Why I Quit My Unpaid Internship
Last week I did what may as well be considered a mortal sin among LHSC students and quit my internship.
I know, I know. You might be gasping in horror; and quite frankly, if you told me a few months ago that I’d be quitting this internship so soon down the line, I might have gone all out and pulled a Victorian faint.
When I first heard that this company was offering internships, I was over the moon; I had worshiped them since freshman year and the idea of getting to work with them was a total dream come true. I wasn’t sure if it was paid or not (spoiler: it wasn’t), but I figured there was no harm in applying, especially since I was super qualified for the job. I scored an interview, where I confirmed that the internship was unpaid and that they wouldn’t be able to provide a transportation or lunch stipend, either.
You may be wondering why I took this internship in the first place. From the interview, I could tell that I would be doing a lot of real work, not just fetching coffee and other stereotypical intern duties. So, ignoring every cell in my body (as well as most of my friends) that screamed at me to not take unpaid work, especially not after doing a paid internship over summer, I happily accepted when I was offered the position.
Whenever people asked why I was doing an unpaid internship, I justified it by saying, “I wouldn’t have taken this internship if I didn’t think it had a lot to offer me.”
And it did. There were plenty of perks, don’t get me wrong. Free cold brew on tap, and even free beer and cider on tap, as well as a spot on the guest list for every event the company threw. And the first day that I took my lunch break to sit by the river and gaze at the skyline while wolfing down pasta I’d brought from home, I felt that same spark of naive romanticism toward the city that I felt when I was first applying to Hofstra because it was “right next to New York City.”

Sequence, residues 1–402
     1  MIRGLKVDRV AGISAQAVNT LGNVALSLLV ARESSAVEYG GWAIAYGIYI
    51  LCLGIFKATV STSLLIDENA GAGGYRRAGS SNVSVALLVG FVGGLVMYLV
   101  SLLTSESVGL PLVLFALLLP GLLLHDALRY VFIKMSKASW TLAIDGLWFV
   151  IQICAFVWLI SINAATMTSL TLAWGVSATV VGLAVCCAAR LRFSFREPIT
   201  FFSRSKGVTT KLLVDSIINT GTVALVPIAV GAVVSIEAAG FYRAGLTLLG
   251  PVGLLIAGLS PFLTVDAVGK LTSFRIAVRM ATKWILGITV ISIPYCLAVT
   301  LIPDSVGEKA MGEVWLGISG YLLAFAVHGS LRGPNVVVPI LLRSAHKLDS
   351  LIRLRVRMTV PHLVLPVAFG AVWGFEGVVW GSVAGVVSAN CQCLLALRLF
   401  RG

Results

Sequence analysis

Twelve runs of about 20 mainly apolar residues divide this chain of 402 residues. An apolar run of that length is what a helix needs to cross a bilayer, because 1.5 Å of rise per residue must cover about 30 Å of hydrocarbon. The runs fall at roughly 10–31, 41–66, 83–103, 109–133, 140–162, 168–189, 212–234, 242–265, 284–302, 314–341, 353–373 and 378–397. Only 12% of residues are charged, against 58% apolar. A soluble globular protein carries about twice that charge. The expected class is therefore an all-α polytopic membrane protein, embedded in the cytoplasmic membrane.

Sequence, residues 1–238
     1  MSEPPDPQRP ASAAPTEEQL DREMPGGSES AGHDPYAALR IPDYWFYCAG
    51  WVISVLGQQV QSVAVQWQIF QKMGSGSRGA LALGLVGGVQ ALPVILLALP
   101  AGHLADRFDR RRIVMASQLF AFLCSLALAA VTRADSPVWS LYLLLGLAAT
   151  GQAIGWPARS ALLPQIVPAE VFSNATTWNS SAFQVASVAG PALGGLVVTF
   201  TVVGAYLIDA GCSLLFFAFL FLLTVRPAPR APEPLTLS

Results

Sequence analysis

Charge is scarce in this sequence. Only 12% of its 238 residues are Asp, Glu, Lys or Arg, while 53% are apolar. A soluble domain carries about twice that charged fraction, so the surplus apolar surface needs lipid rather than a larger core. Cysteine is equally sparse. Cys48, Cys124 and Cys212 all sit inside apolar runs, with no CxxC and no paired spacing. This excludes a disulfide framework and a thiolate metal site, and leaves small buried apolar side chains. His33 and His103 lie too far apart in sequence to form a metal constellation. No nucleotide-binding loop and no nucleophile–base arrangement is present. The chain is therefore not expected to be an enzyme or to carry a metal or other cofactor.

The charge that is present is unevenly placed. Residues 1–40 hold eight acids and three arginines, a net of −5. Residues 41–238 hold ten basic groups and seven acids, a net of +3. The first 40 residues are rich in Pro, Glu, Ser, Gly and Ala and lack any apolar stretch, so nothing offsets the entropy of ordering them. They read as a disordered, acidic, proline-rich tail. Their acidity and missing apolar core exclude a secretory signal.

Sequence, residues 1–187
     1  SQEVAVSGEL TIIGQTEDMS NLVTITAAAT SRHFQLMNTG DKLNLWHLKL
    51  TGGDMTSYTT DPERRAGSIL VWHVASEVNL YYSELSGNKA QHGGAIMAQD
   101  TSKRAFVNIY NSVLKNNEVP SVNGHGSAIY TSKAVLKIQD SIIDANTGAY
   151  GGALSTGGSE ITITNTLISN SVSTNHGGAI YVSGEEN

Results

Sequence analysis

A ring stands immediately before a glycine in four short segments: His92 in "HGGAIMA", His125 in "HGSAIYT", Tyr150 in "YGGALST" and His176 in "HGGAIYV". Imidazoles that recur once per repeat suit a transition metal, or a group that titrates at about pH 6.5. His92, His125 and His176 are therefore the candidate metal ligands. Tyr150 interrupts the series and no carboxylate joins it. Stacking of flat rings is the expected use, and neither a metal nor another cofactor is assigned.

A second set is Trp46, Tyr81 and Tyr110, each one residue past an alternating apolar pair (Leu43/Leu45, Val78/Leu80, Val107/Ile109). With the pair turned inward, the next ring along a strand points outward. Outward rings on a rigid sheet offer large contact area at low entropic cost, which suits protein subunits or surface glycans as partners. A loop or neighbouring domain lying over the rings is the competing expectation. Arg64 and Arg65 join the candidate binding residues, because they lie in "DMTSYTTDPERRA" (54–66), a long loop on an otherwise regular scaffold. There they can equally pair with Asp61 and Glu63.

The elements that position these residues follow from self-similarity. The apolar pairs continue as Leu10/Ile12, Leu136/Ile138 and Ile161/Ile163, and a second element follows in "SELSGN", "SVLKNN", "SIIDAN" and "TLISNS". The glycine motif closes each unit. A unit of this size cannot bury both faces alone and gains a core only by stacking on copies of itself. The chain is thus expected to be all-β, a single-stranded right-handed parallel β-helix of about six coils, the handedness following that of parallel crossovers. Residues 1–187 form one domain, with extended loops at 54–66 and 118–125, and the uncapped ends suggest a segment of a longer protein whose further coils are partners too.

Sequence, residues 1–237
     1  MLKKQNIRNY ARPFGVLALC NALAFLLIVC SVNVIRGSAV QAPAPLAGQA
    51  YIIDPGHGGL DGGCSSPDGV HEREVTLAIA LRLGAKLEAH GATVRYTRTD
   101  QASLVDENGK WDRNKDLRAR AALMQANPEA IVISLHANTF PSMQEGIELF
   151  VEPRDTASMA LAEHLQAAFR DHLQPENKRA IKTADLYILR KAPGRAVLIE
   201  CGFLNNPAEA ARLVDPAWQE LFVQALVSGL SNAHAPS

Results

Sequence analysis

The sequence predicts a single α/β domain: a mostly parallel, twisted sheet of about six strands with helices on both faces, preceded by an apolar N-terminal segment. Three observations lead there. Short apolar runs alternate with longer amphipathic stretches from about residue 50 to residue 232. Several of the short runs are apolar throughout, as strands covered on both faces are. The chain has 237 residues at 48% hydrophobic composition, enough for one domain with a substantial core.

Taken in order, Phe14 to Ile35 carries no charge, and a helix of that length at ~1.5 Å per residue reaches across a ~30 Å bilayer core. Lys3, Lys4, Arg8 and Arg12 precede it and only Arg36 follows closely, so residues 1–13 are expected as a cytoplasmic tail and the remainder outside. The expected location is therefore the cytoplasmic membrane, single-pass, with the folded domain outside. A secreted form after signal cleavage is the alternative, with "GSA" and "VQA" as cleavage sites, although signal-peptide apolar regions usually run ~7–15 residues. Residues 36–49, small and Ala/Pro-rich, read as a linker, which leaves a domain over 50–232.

The environment was certainly high-pressure, but it was because I was doing real work with high stakes. I’m used to that kind of environment – I edit this section of the paper and have to deal with everyone’s hot takes. The problem was that this internship simply wasn’t offering me enough.
And perhaps if I were a different person with different needs (read: a lot more money and a lot less mental illness), what that internship offered would have been enough.
But I realized that having so much on my plate at once – interning twice a week, working a part-time job, editing The Chronicle, being involved in student activism and still maintaining full-time student status – was affecting my ability to function. What’s more, it was affecting all of the people I work with – in my personal life, at The Chronicle, in my organizing duties – who were relying on me to get stuff done.
I rarely acknowledge my own needs until it’s far too late and I’m past my breaking point. So, for finally recognizing the stress I was putting on myself and taking action proactively, I am a proud quitter.
Again, this kind of attitude seems to be a total taboo in the school of comm. So often, it seems that I hear my fellow students almost boast about how overcommitted they are, how few hours of sleep they got the night before (if they got any sleep at all), how many caffeine-induced panic attacks they’ve had today. It becomes almost a point of pride to tell people that you are neglecting your personhood so severely for the sake of the work.
I get it. The field of media as a whole rewards this culture of working yourself to the bone, especially in New York. I’m not at all saying that we should abandon our ambitions and chill out forever. I’m saying we could curb the bloodthirsty edge of those ambitions and take some time to be human every so often, especially since we’re all still college students; we have the rest of our lives to be soulless media junkies. And maybe, just maybe, if we change the culture of neglected mental health at the collegiate level, we can make it so that media doesn’t have to equal misery.